The above objectives are achieved by a radio filter having a band pass filter for passing a desired band of signal frequencies and a stop band filter for reducing the passing of a band of undesired signal frequencies. The filter comprises an input terminal, an output terminal and a filter having a multiple of coupled transmission lines arranged between said input and output terminal, which filters input signals through said input terminal to pass signals of a given frequency band. A ground is connected to said transmission lines at first ends of said multiple of transmission lines and an acoustic impedance element is connected between said ground layer and second ends of said multiple transmission lines for providing a stop band filter function of the input signals, and whereby the input signal after band pass filtering and stop band filtering is provided at said output terminal.

In one embodiment of the radio filter according to the invention the input terminal, the output terminal and the filter are part of a filter layer.

In another embodiment of the radio filter according to the invention the ground is a ground layer.

In a further embodiment of the radio filter according to the invention the filter layer comprises coupled transmission lines in a combline structure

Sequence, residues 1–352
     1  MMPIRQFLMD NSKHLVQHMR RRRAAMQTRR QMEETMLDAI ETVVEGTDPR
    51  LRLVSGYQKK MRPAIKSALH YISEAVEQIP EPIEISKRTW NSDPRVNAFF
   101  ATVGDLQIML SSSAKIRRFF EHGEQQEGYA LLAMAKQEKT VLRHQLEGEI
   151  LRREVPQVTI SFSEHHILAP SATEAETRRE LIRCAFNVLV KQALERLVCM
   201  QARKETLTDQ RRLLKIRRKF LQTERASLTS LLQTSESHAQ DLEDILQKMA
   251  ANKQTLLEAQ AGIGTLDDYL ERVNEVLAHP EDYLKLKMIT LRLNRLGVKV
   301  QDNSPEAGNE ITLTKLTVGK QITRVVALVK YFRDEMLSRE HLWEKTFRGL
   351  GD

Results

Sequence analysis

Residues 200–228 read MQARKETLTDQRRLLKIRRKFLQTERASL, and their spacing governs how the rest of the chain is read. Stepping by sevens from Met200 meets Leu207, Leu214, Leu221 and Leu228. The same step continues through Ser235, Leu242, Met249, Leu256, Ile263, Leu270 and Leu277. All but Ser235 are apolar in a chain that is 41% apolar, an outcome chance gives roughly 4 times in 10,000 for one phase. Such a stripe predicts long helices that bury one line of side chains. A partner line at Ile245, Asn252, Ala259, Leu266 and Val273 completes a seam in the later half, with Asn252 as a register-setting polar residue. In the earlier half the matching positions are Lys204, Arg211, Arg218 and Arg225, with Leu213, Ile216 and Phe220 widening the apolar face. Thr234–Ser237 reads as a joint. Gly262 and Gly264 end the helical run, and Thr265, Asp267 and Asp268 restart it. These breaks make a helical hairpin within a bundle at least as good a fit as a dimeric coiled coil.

In an alternative embodiment of the radio filter according to the invention comprises microstrip lines.

Yet another embodiment of the radio filter according to the invention comprises a surface acoustic wave (SAW) impedance element. The SAW-element is connected between said ground layer and one of said second ends of said multiple transmission lines.

Still yet another embodiment of the radio filter according to the invention comprises a film bulk acoustic resonator (FBAR) element. The FBAR-element is connected between said ground layer and one of said second ends of said multiple transmission lines.

A yet further embodiment of the radio filter according to the invention comprises several physically separated surface acoustic wave (SAW) devices.

Still another embodiment of the radio filter according to the invention comprises a single piezoelectric crystal in which separate regions and separate transducers provide several surface acoustic wave (SAW) devices in a single crystal based integrated component.

Still another embodiment of the radio filter according to the invention comprises multiple transmission lines arranged in a combline structure.

In still yet another embodiment of the radio filter according to the invention the acoustic resonators and the transmission lines are located on a single piezoelectric substrate

In the following the radio filter according to the invention will be described in some more detail with references to the appended drawings in which;